Retirement can have different meanings for different older adults. For some, retirement means long days of relaxation that are well-deserved after many years of hard work. However, other seniors think of retirement as slowing down rather than an abrupt stop to working, and even an opportunity to explore different careers. Some seniors retire from a career and move on to part-time work as a way to supplement their reduced retirement income. Whether you’re bored, looking to make a life change, or need some extra income, employment after retirement is a great option for many seniors.

Financial necessity

For some seniors working after retirement is necessary for financial reasons. An older adult may want to maintain their pre-retirement lifestyle and may need to supplement their retirement income. Additional unexpected expenses such as a spouse’s medical costs or the need to support a grandchild could necessitate additional income. It’s possible to find flexible sources of part-time supplemental income that combine many of the perks of retirement, such as travel and leisure, with working. The extra income can actually fuel this lifestyle.

Fighting boredom

Some retirees have a difficult time figuring out what they are supposed to do with all that free time now that they are no longer working. Adults are living longer lives and remain healthier in older age than previous generations. These people may reach their goal of retiring and then want to pick up some extra work to keep them engaged and to prevent boredom.

New career paths

Retirement can also enable a new career path for seniors. Someone in their 50s, for example, may feel reluctant to change careers because they’ve reached a certain position in their field or fear age discrimination and other barriers to a career change. But when you’re working part-time to supplement your income, a new career can be refreshingly approachable. For instance, someone who spent several years in a technical role may have always thought that they would excel in a sales position, meeting customers one-on-one. Changing focus later in your career may not be advisable, but in retirement, the risks are minimized.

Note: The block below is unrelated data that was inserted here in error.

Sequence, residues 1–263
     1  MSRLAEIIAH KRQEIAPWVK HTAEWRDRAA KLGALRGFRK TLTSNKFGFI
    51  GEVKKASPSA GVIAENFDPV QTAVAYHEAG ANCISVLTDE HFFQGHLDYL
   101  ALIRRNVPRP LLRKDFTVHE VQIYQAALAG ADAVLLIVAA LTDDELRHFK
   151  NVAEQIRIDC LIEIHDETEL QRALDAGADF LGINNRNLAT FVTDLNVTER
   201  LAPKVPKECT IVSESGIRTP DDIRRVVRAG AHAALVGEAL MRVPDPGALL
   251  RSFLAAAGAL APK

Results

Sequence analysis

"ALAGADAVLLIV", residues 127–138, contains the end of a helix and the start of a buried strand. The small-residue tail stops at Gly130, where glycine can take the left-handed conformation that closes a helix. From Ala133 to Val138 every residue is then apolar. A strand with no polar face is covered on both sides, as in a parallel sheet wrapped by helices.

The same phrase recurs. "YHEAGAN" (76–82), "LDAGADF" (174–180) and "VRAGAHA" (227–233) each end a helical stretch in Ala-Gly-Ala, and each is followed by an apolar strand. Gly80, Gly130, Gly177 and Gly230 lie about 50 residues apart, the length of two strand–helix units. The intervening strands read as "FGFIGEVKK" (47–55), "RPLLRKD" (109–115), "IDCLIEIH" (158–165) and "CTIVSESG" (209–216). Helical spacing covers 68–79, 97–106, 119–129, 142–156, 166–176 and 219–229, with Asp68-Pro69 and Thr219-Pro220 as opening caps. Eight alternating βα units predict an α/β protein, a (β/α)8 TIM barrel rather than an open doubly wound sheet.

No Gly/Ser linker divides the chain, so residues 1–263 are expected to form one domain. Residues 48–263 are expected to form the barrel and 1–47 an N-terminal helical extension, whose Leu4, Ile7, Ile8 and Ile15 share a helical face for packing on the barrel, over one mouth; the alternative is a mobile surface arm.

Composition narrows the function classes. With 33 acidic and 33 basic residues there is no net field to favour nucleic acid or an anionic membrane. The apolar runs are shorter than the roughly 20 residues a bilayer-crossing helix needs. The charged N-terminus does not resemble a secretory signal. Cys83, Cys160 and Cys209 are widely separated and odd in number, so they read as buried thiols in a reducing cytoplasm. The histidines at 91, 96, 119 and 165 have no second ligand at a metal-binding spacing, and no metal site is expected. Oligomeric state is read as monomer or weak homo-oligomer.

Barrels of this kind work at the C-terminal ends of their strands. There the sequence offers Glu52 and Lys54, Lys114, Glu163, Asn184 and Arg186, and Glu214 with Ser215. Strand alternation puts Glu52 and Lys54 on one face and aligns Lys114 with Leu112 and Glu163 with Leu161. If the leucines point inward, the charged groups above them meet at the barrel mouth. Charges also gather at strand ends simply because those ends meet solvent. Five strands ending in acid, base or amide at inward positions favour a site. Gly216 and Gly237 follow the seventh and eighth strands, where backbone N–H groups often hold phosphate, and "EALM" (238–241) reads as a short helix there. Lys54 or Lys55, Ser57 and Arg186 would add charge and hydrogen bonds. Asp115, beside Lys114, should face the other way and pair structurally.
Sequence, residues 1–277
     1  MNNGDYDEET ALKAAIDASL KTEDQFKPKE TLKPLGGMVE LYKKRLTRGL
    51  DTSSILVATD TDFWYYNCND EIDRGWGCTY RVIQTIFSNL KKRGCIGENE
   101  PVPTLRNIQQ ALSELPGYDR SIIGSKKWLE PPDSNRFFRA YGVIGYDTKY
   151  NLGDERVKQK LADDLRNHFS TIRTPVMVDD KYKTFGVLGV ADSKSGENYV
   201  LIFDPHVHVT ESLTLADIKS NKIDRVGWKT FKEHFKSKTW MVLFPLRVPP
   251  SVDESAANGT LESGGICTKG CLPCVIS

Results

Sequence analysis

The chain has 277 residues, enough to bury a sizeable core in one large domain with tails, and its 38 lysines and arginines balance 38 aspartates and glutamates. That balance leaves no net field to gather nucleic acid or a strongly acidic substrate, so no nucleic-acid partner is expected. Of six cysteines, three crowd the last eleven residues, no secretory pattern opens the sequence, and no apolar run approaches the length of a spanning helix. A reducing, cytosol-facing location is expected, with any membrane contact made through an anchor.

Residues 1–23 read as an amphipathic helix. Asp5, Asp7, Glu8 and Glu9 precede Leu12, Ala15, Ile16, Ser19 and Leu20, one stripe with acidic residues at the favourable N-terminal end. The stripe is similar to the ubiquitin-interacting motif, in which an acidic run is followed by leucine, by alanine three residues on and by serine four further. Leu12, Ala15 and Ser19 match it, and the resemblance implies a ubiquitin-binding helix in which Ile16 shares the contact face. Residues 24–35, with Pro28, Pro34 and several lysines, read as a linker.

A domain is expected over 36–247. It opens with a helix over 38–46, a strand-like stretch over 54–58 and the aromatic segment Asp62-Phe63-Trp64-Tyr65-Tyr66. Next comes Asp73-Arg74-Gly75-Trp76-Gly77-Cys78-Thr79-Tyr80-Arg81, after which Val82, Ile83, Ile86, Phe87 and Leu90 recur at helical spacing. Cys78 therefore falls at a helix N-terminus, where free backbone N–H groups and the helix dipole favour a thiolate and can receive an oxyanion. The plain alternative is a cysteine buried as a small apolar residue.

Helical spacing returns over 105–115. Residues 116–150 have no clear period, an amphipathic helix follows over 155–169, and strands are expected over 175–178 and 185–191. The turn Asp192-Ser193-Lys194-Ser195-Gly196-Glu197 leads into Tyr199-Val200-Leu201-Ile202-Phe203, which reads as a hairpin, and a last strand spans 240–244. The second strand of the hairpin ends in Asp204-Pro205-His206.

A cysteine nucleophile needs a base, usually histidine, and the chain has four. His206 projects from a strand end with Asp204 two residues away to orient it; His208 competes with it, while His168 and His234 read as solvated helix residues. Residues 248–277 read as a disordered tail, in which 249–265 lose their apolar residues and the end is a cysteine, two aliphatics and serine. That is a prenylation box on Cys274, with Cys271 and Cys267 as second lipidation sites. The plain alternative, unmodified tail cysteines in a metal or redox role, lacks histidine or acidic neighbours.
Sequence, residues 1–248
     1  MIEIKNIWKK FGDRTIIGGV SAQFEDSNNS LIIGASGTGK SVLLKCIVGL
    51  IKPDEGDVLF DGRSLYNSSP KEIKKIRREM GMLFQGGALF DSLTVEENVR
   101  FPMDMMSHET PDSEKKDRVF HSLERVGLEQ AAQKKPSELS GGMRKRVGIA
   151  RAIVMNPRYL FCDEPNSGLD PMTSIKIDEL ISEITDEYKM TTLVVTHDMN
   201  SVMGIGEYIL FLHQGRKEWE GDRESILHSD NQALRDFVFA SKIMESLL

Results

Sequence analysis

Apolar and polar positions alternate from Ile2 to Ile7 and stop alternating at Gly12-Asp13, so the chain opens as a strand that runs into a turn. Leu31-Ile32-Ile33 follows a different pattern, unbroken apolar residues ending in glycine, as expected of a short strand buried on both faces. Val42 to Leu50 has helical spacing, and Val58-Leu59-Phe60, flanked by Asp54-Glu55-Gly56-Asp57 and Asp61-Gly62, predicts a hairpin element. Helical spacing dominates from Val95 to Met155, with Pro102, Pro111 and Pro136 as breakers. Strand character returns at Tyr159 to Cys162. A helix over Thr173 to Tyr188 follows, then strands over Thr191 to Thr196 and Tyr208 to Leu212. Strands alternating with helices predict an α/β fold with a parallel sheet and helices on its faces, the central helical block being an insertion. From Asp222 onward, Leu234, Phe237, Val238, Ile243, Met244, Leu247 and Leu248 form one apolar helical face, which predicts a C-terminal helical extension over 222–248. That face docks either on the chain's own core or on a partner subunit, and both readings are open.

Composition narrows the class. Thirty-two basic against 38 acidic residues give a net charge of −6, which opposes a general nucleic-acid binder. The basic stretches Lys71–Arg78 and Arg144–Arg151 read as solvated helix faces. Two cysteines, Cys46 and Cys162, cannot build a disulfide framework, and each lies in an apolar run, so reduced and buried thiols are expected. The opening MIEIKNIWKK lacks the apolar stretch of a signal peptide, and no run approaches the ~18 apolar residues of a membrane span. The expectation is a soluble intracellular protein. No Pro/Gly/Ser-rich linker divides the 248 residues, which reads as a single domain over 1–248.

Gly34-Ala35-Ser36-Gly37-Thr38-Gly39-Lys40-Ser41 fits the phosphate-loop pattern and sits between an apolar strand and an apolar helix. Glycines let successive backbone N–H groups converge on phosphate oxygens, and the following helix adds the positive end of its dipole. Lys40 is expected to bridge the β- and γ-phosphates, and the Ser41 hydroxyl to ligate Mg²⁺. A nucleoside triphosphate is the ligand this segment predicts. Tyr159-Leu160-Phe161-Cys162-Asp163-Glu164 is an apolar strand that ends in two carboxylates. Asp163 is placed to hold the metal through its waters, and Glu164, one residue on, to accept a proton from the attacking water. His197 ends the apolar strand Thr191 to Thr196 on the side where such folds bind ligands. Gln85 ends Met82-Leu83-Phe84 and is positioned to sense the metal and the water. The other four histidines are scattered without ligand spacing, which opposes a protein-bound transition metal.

Types of jobs for seniors

There are a lot of post-retirement jobs that seniors can excel at. Life experience and the ability to manage tasks can be very helpful working in a new career field. Here are some good second career choices for seniors:

  • Customer service. Connecting with people can be a pleasant way to make some extra money.
  • Retail. These jobs pay less but can have lower stress. Make sure that your employer is aware that you are retired and just seeking supplemental income or a productive place to spend time. If a sales manager is expecting you to meet ever-expanding sales quotas, for example, you could be adding a lot of unnecessary stress to your life.
  • Consulting. Use your expertise from your previous career to mentor younger businesses.
  • Not-for-profit administration. Either on a volunteer or paid basis, working for nonprofits can be rewarding in several ways.
  • Real estate sales combine flexibility and socializing. If you’ve been a resident of your neighborhood for many years, you’re going to have a lot of information about the best places to live and schools and activities in your area. This knowledge can be valuable for real estate sales.

Several of these jobs may require some education or training. But resist the temptation to view that as an impassable barrier. Learning new things can be beneficial for fighting age-related cognitive problems, so working can improve your quality of life in many ways.

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